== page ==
11/11/10 15:02:39 14.02  18.67  11.11   2.39   3.362     4.2   7.0
11/11/10 15:02:40 14.02  18.67  11.11   2.38   3.421     2.3  12.1
11/11/10 15:02:41 14.02  18.67  11.11   2.38   3.371     2.6  14.7
11/11/10 15:02:42 14.02  18.67  11.11   2.38   3.409     3.0   6.5
11/11/10 15:02:43 14.02  18.67  11.11   2.38   3.368     2.3   2.5
11/11/10 15:02:44 14.02  18.67  11.11   2.37   3.434     2.5  10.2
11/11/10 15:02:45 14.02  18.67  11.11   2.37   3.346     1.6   4.5
``````

It was not a very interesting day from a data perspective either.

• Your approach looks like it should work quite well in practice. Theoretically, you could run into trouble if data stops coming for a long time right after the bottom it reached, and then flows back again: the `overall_slope` would be quite small, and quite undistinguishable from the `recent_slope`. It would help if you gave a typical plot of the time sequence, so that SO users can come up more easily with appropriate algorithms. Jun 15, 2011 at 19:01
• The first question I ask is: how important is it to stop it as soon as it hits the bottom? What is the acceptable number of seconds you have until you turn it off? If this method gets you to turn it off within your limit, I'd say keep it the way it is :) Jun 17, 2011 at 15:35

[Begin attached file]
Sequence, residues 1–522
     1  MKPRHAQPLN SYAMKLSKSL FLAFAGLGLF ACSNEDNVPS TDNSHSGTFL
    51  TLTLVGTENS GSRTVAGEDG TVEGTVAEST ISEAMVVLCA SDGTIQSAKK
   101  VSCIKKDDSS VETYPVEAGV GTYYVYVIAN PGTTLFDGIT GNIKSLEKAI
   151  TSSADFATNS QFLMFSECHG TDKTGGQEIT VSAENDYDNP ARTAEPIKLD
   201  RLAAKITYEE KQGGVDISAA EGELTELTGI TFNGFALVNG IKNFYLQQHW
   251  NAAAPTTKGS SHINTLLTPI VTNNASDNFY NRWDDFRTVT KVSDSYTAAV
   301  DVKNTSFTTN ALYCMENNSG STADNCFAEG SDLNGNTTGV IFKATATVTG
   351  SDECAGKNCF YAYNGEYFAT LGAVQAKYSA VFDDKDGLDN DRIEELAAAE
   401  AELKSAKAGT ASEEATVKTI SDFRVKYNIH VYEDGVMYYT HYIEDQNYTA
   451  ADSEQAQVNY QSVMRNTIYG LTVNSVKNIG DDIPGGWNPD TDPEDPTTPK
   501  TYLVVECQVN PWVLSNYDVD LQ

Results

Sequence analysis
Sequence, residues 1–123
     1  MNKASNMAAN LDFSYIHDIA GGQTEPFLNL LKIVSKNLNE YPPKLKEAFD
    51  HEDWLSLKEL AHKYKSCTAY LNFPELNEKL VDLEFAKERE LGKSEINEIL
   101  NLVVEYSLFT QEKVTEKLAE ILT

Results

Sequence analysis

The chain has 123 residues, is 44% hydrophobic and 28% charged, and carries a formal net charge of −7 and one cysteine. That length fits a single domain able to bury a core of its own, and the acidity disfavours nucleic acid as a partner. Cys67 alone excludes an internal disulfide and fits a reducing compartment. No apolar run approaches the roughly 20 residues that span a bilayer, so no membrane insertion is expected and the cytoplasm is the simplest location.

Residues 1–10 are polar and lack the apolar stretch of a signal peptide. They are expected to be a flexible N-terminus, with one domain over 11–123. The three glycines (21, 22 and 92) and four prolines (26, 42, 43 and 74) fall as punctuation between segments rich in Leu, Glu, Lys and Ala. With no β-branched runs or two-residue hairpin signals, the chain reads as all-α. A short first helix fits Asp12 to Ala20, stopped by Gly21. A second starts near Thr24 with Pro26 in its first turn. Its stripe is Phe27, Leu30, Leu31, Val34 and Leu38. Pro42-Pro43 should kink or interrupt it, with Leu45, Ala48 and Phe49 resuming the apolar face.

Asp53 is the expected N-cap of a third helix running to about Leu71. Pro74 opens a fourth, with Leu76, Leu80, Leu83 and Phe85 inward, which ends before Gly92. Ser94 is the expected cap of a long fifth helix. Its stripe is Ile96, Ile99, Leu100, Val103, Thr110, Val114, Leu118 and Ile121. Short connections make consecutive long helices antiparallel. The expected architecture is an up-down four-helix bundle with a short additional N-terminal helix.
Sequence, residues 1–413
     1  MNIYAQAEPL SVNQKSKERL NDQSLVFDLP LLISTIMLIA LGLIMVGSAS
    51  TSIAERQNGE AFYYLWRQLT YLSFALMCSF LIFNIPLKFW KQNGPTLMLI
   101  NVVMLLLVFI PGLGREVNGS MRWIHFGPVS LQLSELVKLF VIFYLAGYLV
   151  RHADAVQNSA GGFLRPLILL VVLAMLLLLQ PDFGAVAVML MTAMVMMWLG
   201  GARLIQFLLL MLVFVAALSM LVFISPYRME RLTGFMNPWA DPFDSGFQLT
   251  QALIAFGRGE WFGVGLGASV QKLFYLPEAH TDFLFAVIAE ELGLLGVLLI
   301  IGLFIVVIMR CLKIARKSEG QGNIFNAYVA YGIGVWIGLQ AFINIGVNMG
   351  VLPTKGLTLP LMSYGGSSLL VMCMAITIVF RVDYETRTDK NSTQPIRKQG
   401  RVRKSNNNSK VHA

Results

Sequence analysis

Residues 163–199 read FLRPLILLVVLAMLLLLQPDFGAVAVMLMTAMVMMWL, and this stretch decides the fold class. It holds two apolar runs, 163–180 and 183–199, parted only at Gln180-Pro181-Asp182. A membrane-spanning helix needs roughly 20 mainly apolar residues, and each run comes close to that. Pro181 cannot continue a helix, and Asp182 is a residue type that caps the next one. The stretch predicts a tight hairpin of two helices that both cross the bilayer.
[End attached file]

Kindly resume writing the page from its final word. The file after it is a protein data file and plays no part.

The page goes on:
• I hate to ask as I'm sure it is, but is new_sample() non-blocking? Memory map or a fifo of some sort? Jun 17, 2011 at 15:44
• The update rate should be constant and without interruptions. It's important to stop ASAP since we risk cable spooling problems if we loose too much tension. new_sample() just compares the current sample timestamp to the previous one. Timestamps and data values are updated by a separate thread which receives updates via JSON strings on a socket. Jun 21, 2011 at 14:37
• I have time vs depth data for our current systems, but this new system is different enough that I'm not sure they apply. Jun 21, 2011 at 14:50

Your approach (comparing current derivative to mean derivative) is good, but could be improved. Most importantly, you really need to see your data before deciding how to analyze it: